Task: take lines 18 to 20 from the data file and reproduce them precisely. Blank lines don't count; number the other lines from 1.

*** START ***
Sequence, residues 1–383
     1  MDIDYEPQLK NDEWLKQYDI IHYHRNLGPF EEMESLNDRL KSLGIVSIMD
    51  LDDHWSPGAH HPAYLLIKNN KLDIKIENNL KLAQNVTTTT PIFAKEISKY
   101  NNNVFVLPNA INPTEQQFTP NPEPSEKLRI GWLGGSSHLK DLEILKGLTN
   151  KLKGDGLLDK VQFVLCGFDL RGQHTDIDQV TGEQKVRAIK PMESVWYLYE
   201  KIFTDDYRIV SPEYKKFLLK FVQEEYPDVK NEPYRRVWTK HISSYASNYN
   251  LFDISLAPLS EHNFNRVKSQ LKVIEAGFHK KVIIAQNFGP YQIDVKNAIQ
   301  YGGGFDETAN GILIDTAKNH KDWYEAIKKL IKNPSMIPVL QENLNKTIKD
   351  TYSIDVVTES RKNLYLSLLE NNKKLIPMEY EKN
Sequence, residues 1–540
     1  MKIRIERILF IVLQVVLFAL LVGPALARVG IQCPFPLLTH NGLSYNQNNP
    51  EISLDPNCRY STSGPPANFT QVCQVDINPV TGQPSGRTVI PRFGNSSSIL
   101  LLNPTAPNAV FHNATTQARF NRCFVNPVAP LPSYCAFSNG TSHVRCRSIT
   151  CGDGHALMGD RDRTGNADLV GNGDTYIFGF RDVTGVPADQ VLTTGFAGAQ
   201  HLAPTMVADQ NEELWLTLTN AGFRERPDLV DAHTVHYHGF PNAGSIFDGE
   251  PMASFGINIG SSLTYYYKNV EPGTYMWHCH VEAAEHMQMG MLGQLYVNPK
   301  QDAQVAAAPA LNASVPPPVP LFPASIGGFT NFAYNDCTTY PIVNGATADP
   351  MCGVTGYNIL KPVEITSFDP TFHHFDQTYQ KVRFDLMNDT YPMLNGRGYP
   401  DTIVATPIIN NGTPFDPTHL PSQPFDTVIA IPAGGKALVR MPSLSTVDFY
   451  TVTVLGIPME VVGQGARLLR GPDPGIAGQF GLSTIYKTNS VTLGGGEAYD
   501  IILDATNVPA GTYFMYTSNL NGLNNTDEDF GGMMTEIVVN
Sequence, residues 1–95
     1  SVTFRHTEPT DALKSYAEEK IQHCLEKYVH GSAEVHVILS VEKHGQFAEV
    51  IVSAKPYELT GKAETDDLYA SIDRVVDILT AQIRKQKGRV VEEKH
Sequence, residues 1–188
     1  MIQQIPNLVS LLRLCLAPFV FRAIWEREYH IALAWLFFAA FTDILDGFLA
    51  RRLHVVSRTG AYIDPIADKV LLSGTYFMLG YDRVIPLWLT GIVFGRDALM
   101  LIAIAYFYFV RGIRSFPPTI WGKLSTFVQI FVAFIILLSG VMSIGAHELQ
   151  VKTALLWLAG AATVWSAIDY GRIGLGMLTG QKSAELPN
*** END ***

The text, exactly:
   351  MCGVTGYNIL KPVEITSFDP TFHHFDQTYQ KVRFDLMNDT YPMLNGRGYP
   401  DTIVATPIIN NGTPFDPTHL PSQPFDTVIA IPAGGKALVR MPSLSTVDFY
   451  TVTVLGIPME VVGQGARLLR GPDPGIAGQF GLSTIYKTNS VTLGGGEAYD